Unique jobs

Jobs can be made unique, such that River guarantees that only one exists for a given set of properties. Jobs can be made unique by args, period, queue, and state.

Unique properties

It's occasionally useful to ensure that background work is only performed once for a given set of conditions. For example, there might be a job that does a daily reconcilation of a user's account, but performs heavy lifting across many accounts, so ideally it only runs once a day per account to save on worker resources. River can guarantee job uniqueness along dimensions based on a combination of job properties like arguments and insert period.

Jobs configure unique properties by implementing JobArgsWithInsertOpts and populating UniqueOpts as part of the InsertOpts returned, or by adding UniqueOpts at insertion time with Client.Insert or InsertTx.

type ReconcileAccountArgs struct {
    AccountID int `json:"account_id"`

func (ReconcileAccountArgs) Kind() string { return "reconcile_account" }

// InsertOpts returns custom insert options that every job of this type will
// inherit, including unique options.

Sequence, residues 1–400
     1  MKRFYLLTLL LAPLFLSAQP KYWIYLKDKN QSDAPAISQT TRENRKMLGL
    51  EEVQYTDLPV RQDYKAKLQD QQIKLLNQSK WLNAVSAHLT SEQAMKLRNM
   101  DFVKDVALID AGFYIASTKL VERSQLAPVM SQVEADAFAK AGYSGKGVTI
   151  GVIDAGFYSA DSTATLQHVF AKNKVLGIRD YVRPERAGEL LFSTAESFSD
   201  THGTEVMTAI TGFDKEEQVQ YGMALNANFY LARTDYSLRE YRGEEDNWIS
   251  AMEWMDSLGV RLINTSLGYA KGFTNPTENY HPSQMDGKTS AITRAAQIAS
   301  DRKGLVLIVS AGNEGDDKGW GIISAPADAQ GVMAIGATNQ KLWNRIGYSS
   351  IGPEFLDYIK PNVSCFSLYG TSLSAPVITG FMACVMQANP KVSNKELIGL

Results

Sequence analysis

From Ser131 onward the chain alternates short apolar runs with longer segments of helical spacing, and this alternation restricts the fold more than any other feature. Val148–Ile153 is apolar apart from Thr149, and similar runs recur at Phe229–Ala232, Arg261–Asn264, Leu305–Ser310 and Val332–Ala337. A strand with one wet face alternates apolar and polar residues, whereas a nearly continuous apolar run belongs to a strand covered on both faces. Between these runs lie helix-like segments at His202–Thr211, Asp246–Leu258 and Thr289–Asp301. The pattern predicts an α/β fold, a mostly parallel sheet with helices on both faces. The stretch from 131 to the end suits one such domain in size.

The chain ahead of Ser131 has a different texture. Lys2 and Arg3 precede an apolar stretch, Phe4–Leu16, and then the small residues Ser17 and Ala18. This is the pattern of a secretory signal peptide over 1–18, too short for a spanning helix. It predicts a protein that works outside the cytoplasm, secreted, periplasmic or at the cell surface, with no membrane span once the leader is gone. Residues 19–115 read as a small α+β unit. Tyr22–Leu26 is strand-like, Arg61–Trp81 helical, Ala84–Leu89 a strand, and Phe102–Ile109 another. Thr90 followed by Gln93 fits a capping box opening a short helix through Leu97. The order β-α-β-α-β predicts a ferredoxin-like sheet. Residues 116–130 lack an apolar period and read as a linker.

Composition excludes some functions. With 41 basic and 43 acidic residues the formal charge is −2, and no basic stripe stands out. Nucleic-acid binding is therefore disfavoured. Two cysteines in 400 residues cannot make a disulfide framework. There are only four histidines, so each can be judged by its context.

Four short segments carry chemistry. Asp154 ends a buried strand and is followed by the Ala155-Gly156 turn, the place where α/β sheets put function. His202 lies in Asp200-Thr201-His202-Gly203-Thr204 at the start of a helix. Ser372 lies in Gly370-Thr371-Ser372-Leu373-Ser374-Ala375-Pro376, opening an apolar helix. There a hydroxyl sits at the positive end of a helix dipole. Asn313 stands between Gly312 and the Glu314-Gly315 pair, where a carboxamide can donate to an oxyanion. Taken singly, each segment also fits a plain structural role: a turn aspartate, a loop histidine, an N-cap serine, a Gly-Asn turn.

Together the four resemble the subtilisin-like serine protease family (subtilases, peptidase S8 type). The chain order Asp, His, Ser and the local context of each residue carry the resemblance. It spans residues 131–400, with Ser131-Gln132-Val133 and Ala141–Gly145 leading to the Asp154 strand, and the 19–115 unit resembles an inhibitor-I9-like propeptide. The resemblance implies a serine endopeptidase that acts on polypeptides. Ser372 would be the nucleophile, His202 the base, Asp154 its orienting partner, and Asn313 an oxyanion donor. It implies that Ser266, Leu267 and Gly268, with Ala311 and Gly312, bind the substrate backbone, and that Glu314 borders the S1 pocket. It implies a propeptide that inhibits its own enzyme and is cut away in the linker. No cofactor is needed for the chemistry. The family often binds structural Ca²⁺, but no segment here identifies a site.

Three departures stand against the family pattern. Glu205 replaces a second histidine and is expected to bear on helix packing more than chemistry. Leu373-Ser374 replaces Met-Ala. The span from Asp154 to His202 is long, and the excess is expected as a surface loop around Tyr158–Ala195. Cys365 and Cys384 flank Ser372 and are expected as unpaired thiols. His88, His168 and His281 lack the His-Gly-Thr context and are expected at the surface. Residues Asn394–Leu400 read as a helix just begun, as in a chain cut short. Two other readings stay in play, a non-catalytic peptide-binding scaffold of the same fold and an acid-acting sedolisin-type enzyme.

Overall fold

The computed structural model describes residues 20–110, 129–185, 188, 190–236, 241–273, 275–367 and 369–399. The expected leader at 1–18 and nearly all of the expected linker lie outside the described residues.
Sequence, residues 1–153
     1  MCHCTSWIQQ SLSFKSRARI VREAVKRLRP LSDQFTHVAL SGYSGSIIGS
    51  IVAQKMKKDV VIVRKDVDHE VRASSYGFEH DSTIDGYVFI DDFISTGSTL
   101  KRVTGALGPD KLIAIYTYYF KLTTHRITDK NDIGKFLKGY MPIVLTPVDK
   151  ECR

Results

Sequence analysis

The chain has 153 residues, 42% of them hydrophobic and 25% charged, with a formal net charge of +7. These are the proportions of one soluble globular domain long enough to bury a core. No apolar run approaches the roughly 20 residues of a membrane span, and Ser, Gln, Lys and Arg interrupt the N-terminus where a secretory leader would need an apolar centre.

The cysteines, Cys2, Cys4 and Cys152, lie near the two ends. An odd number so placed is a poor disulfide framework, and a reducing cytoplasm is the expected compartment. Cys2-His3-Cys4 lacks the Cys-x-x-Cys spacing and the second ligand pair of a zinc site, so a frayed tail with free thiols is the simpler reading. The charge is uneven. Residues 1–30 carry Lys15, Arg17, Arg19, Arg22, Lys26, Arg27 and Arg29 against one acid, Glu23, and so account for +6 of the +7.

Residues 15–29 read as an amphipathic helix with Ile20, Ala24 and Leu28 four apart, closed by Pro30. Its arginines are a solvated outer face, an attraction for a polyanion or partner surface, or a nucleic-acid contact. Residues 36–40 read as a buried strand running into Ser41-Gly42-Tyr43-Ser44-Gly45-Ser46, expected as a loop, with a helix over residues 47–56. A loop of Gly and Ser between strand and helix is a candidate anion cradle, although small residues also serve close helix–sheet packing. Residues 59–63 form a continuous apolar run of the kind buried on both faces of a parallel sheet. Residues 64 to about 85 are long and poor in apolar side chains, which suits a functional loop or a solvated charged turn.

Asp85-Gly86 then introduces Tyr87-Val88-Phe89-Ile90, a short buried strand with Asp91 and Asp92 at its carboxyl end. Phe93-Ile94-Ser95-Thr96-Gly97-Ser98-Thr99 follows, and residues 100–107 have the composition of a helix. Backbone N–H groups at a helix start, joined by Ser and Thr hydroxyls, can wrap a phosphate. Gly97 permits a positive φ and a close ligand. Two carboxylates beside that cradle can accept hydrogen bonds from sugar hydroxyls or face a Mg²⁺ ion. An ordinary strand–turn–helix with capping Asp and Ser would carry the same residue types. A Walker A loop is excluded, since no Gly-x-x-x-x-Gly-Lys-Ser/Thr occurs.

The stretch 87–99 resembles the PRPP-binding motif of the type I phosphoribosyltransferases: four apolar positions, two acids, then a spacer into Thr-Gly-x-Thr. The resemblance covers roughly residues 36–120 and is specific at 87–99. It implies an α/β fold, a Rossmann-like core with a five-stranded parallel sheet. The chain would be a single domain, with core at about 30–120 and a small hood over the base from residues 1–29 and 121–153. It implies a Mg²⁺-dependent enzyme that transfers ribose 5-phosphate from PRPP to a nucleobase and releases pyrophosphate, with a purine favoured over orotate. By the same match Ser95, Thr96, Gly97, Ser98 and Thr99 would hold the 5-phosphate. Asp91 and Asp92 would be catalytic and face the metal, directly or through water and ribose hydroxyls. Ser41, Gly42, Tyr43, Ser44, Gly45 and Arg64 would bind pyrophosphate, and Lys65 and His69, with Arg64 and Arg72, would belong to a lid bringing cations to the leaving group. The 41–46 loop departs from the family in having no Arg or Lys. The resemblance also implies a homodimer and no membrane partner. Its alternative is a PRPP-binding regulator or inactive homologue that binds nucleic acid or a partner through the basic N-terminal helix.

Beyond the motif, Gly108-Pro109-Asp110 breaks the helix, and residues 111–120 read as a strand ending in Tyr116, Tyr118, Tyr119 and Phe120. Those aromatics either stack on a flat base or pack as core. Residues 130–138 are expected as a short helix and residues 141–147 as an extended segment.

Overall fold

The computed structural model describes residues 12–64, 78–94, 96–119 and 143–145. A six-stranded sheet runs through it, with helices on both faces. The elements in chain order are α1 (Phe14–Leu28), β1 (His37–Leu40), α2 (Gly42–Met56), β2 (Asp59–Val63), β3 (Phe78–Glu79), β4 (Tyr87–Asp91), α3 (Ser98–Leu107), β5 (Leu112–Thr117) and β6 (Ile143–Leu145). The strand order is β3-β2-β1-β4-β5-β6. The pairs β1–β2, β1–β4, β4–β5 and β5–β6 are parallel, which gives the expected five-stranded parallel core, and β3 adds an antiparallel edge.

func (ReconcileAccountArgs) InsertOpts() river.InsertOpts {
    return river.InsertOpts{
        UniqueOpts: river.UniqueOpts{
            ByArgs:   true,
            ByPeriod: 24 * time.Hour,


// First job insertion for account 1.
_, err = riverClient.Insert(ctx, ReconcileAccountArgs{AccountID: 1}, nil)
if err != nil {

// Job is inserted a second time, but it doesn't matter because its unique
// args cause the insertion to be skipped because it's meant to only run
// once per account per 24 hour period.
_, err = riverClient.Insert(ctx, ReconcileAccountArgs{AccountID: 1}, nil)
if err != nil {

// Because the job is unique ByArgs, another job for account 2 _is_ allowed.
_, err = riverClient.Insert(ctx, ReconcileAccountArgs{AccountID: 2}, nil)
if err != nil {

See the UniqueJob example for complete code.